Humans are programmed to autonomously engage their environment both physically, mentally, and emotionally. The purpose for an automated response is for safety and secondarily for efficiency. Considering this, let’s look at how programming is affecting women, their lives, roles, and their success.
Where does programming come from? Research reveals that it’s a combination of heredity, experience, and lifelong learning. This means we are the result of what family we were born in, how, where and when we were raised, and life experiences, including place and area of study. This explains why someone born in China during the “one child policy,” educated at Yale University will have a completely different worldview than someone born to a shrimp harvesting family in the bayou. Imagine if each exchanged a day’s routine with each other. They would have to think through every action clumsily with no experience of the other to draw on resulting in a very stressful experience.
These two examples are very diverse but it’s an example of how we are set to view our lives through the lens of our experience. Women specifically have experienced gender bias across cultures, families, and in society that results in pay, investment, and corporate Board position deficits.
If you were raised in a family where girls were encouraged to speak up, compete, and told there are no limits, you would believe women and would be expecting future success.
Whereas, if you were raised in a family where boys were preferred or told that higher education is secondary to marrying well, or told you had to work twice as much as a man to be even, then you are set up to lose.
Again, everyone has their own specific experiences to deal with. Many perceptions developed out of experience, are good, even great. But it’s the self-limiting learning that needs to be addressed if a woman wants to reach her full potential.
So, how can a woman take control of her life and no longer bow to her programming? The first step is to be present, to be aware of the negative messaging she is programmed with. This awareness comes first from wanting to know, becoming a seeker of one’s own truth. Mindfulness, meditation, and paying attention to thoughts that bubble up while navigating life. For example, when talking to your boss, a thought bubbles up, “I wish he/she would see me for who I really am.” Jot it down and after work ask yourself, “Why do I feel invisible?” Consider past experiences that were similar and again ask why. You may find the answer in repeated experiences of parents having no time for you because they worked, or drank, or were just not emotionally available. Everyone’s experience is unique and finding the perceptions developed out of them is what you are looking for.
The next step is to change the perceptions you no longer want to act on. This is easier said than done but educate yourself on the subject matter. Learn how others handle the same limitations and then choose to change your mind, literally. You can use affirmations. First deprogram what you have believed by saying to yourself, “I no longer feel that I am invisible.” Then program in the desired belief, “I feel seen as the person I really am.” And repeat it daily for 3 weeks! (It takes 3 weeks to change a behavior).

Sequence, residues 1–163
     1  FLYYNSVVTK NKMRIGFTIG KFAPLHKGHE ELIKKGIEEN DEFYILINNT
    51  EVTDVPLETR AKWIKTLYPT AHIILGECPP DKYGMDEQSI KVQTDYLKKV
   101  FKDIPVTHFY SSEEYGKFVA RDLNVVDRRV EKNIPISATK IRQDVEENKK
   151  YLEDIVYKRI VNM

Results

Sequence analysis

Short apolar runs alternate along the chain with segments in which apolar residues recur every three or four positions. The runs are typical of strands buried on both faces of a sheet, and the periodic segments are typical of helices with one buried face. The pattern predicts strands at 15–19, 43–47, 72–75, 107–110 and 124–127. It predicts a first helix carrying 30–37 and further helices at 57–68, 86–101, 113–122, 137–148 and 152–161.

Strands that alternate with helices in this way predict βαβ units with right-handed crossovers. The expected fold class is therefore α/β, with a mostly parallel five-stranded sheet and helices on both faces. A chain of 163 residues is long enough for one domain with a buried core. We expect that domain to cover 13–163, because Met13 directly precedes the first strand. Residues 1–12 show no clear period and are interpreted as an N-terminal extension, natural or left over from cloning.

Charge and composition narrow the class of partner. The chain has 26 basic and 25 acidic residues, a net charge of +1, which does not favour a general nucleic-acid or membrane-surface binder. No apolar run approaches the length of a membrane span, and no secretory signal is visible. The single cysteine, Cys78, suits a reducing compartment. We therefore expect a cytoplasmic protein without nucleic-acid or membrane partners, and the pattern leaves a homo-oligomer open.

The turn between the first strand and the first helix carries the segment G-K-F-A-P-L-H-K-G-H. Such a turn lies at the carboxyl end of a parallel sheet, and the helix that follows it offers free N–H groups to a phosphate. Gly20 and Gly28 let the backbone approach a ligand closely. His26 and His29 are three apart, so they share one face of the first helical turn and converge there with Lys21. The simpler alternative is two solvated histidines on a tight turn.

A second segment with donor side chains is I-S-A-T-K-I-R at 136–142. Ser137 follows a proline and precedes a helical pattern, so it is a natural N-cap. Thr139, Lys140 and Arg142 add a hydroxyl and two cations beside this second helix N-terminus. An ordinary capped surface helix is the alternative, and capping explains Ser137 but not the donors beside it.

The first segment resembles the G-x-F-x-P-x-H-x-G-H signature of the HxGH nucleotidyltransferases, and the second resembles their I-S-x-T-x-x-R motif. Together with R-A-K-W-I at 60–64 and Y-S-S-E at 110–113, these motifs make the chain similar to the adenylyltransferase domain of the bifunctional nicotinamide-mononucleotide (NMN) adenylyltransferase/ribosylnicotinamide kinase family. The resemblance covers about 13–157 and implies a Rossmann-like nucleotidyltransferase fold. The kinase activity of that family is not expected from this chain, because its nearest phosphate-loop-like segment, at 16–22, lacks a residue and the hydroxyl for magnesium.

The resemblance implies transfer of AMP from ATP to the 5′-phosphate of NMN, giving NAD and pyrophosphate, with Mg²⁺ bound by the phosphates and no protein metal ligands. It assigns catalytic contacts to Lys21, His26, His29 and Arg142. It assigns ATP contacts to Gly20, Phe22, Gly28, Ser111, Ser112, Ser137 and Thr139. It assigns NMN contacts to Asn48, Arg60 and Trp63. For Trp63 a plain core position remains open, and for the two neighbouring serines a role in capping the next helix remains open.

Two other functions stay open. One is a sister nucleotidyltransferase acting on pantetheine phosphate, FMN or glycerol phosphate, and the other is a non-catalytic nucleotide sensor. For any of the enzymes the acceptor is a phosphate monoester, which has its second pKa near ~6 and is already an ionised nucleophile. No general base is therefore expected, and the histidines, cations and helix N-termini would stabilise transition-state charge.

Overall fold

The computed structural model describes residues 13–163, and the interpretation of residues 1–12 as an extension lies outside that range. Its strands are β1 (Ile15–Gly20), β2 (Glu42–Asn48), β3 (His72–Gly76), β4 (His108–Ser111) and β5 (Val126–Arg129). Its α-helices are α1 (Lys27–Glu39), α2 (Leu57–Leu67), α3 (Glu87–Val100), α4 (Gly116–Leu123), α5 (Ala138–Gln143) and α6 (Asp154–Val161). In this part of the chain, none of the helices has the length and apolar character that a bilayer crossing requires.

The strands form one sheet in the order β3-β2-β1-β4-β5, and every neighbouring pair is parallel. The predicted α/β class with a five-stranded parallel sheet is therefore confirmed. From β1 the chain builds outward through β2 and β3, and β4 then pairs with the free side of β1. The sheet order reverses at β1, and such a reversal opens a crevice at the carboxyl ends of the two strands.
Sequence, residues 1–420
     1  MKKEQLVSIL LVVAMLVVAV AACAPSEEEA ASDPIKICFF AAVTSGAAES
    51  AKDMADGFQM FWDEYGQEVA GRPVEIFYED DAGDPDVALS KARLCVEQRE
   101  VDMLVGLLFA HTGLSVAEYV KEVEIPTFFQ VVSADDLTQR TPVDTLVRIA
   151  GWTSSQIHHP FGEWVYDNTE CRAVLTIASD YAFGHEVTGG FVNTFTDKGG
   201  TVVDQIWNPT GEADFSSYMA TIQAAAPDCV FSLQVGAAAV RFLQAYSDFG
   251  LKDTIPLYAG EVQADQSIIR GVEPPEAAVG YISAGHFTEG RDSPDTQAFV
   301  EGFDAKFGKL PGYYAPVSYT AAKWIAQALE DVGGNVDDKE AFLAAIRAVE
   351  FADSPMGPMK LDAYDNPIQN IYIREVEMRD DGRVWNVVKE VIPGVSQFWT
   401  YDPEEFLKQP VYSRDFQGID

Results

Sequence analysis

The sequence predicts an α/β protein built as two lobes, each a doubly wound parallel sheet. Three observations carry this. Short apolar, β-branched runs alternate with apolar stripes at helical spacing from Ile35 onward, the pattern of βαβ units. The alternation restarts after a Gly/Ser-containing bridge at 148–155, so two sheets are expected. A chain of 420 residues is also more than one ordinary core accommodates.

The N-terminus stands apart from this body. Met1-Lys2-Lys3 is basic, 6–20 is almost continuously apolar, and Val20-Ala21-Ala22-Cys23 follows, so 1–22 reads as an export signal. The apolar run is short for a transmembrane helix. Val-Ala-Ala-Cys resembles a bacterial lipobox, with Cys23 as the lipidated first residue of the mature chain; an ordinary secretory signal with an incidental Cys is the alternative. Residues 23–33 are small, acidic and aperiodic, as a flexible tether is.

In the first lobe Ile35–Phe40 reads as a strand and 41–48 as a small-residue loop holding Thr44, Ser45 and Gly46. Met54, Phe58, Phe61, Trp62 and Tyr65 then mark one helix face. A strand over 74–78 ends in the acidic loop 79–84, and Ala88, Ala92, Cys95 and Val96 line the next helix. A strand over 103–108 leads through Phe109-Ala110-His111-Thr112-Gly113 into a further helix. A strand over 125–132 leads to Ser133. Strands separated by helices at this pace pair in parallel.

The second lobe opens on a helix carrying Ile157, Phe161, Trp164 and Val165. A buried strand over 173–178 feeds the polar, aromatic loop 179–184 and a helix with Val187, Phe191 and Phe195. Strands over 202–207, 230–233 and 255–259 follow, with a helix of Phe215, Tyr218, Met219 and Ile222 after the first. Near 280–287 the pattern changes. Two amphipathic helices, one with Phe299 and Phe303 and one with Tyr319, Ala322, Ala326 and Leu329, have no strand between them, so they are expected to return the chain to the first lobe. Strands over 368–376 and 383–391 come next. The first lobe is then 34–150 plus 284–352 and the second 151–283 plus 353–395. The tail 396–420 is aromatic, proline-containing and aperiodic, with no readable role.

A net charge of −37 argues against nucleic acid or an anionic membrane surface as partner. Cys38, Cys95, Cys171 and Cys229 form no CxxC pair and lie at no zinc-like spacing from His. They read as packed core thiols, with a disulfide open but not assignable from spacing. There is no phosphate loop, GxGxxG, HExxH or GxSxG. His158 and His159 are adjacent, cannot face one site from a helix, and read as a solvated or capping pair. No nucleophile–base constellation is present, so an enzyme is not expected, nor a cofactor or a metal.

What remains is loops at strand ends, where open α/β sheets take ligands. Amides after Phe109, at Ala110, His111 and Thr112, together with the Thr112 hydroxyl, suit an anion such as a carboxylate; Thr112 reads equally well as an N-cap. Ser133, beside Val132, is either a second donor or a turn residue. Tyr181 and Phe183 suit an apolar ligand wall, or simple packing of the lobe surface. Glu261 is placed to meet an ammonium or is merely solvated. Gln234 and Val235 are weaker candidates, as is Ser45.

Our world is on the cusp of being able to change our minds on a daily basis to conform to what we want to believe and not what we were previously programmed to be so that we contribute to the world In our own unique way. We each have a unique contribution to make. It’s your secret treasure and you can only give it when you find it. Humans have the desire to excel, to reach beyond limitations. Only a few to date have been able to actualize their dreams because they were not limited by their programming; they were programmed for success. This power will soon be in the hands of all. Then, humans will find the path to human equality regardless of gender, race, or creed.
Alexandrea Day has blended two careers as an Adaptive Therapist and visual technologist over 18 years each, to create a range of products that serve humanity. These include integrating self-awareness apps and EEG technology to guide a user in Self-directed leadership, living, and therapy.
Alexandrea, an author, educator, and patent-holder, has spent a lifetime working with thousands of clients, teaching hundreds the Adaptive Therapy process through her Washington State Licensed Vocational School. She traveled globally to teach the techniques of Adaptive Therapy to individuals, healthcare professionals, and licensed therapists.
Her theories that humans are programmed computers that are re-programmable is supported by the scientific literature and demonstrated in her new book, “Meta-Brain, Reprogramming the Unconscious for Self-Directed Living.” This process of re-programming perceptions frees people from their limiting beliefs and paves the way to change behaviors, to excel in performance, and to attain health and well-being—permanently.
To learn more: https://genoemote.com